Emergency Medicine Book

//fpnotebook.com/

IV Access

Aka: IV Access, Intravenous Access, Venous Cannula Insertion, Vascular Access
  1. See Also
    1. Peripheral IV Access
    2. Central IV Access
    3. Intraosseous Access
    4. Ultrasound-Guided Internal Jugular Vein Catheterization
    5. Ultrasound-Guided Antecubital Line
    6. Umbilical Artery Catheter
    7. Umbilical Vein Catheter
    8. Bloodstream Infections in Hemodialysis
    9. Hypodermoclysis
    10. Central Line-Associated Bloodstream Infections (CRBI)
    11. Difficult Intravenous Access in Children
  2. Approach: Peripheral Access
    1. Peripheral IV Access (default initial line)
      1. Gauge 18 or larger is preferred
      2. Initial Resuscitation with fluids
        1. Fluid infusion via 18 gauge peripheral IV is faster than via a triple lumen central catheter
      3. Medication administration including antibiotics
      4. Intravenous Contrast administration (reliable 18 gauge IV needed for CTA, PE studies)
      5. Initial Vasopressors may be used peripherally if reliable large bore IV (until central access is obtained)
      6. Allows for venous lab samples on placement and later
        1. Requires wasting part of sample, and then Flushing line
    2. Intraosseous Access
      1. Rapid landmark based placement with multiple available sites (e.g. proximal tibia, Humerus)
      2. Emergent Vascular Access for Resuscitation when peripheral IV cannot be immediately placed
      3. Allows for infusion of most fluids and medications including Vasopressors (but not Sodium Bicarbonate)
    3. Midline Venous Catheter (Ultrasound-Guided Antecubital Line)
      1. Alternative to central venous access when standard peripheral lines are difficult
      2. Extravasation is more common with deep brachial vein IVs
    4. Rapid Infusion Catheter (RIC Line)
      1. Converts a 18-20 gauge peripheral IV into a large bore line (8 Fr)
        1. Seldinger wire is threaded through peripheral line and peripheral IV is removed
        2. Skin is nicked at IV entry site and dilator is threaded over wire and through skin
        3. Catheter is threaded over wire and into vein and wire is removed
      2. Allows for high flow rates via peripheral line
      3. Risk of destroying peripheral vein by threading it with too large of a catheter
  3. Approach: Central Access
    1. See Central IV Access
    2. Background
      1. Central Lines are sewn in place and typically more secure than peripheral lines which may be dislodged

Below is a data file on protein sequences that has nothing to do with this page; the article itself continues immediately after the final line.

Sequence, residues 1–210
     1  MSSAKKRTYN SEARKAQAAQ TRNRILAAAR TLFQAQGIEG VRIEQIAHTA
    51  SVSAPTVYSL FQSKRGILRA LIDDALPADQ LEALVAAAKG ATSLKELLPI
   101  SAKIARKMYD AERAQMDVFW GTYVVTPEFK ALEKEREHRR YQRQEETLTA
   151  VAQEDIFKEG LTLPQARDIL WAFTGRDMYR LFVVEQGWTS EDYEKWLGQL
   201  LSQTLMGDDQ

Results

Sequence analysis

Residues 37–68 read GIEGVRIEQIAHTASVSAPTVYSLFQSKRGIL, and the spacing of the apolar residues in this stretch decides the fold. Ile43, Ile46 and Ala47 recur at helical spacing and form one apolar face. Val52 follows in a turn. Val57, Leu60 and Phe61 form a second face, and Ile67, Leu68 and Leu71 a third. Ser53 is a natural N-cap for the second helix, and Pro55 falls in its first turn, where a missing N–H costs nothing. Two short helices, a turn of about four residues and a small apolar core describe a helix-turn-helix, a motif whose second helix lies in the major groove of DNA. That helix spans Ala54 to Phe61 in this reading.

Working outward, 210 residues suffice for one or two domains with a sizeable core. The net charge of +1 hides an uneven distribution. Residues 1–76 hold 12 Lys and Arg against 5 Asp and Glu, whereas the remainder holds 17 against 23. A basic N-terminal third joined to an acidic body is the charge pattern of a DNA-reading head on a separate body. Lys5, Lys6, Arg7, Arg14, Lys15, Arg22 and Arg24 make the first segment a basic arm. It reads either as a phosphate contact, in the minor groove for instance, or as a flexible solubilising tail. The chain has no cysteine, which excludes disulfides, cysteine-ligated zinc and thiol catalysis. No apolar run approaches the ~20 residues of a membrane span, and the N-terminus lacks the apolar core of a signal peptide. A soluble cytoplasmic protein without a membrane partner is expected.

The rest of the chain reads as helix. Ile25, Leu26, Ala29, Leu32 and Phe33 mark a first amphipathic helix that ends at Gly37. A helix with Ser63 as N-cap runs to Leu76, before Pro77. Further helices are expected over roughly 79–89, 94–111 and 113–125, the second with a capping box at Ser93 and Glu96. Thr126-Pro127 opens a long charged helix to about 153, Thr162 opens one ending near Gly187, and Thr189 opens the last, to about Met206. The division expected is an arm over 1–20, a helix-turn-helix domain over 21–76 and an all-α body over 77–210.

2. Internal Jugular Veins are preferred central access points
        1. However, in Resuscitation, consider femoral lines which are out of way of Resuscitation efforts
        2. Convert femoral lines to other sites in first 48 hours
    3. Central Line Types
      1. Triple Lumen Catheters
        1. Best for infusing multiple medications (including Vasopressors)
        2. Slower infusion rates (under pressure) than 18 gauge peripheral IVs
      2. Introducer Catheters
        1. Largest bore of the central catheter options offering high infusion rates
        2. Weingart recommends bypassing side port with commercially available product
      3. Hemodialysis Catheters
        1. Large bore catheter (12-13 french) with 2 ports
  4. References
    1. Weingart and Swaminathan in Herbert (2021) EM:Rap 21(4): 5-7

Venous cannula insertion (C0398266)

Definition (PNDS) Establishes and maintains peripheral IV access to administer IV fluids, medications, and blood products per physician order.
Concepts Health Care Activity (T058)
ICD10 738
SnomedCT 392230005, 91575007, 151025006, 58983009, 151031009, 392231009
CPT 36011, 36012
Italian Cateterismo venoso
Dutch katheterisatie veneus, veneuze katheterisatie
French Cathétérisme veineux, Cathétérisation veineuse
German Katheterisierung, Vene, Katheterisierung venoes
English Venous cannula insertion, Venous catheter insertion, Venous cannulation, Needling, needl, vein catheterization, venous catheterization, intravenous cannulation, venous line insertion, needling, venous cannulation, venous catheter insertion, Catheterisation venous, Catheterization venous, Venous cannula insertion (procedure), Catheterization of vein, Vein catheter insertion, Venous line insertion, Intravenous cannulation, Venous catheterization, Venous catheterisation, Catheterisation of vein, Catheterization of vein (procedure), Establishes IV access, Insertion of catheter into vein, Intravenous cannulation (procedure), Introduction of catheter into vein, Catheterization of vein, NOS, Introduction of catheter into vein, NOS, Insertion of catheter into vein, NOS, Venous catheterization, NOS
Portuguese Cateterismo venoso, Cateterização venosa
Japanese 静脈カテーテル留置, ジョウミャクカテーテルリュウチ
Czech Zavedení žilního katéru, Zavedení žilního katétru
Hungarian Vénás katéterezés
Spanish introducción de un catéter en una vena, inserción de un catéter en una vena, cateterismo de una vena, cateterismo venoso, cateterismo de una vena (procedimiento), canulación intravenosa (procedimiento), canulación intravenosa, cateterismo de vena (procedimiento), cateterismo de vena, Cateterismo venoso
Sources
Derived from the NIH UMLS (Unified Medical Language System)


You are currently viewing the original 'fpnotebook.com\legacy' version of this website. Internet Explorer 8.0 and older will automatically be redirected to this legacy version.

If you are using a modern web browser, you may instead navigate to the newer desktop version of fpnotebook. Another, mobile version is also available which should function on both newer and older web browsers.

Please Contact Me as you run across problems with any of these versions on the website.

Navigation Tree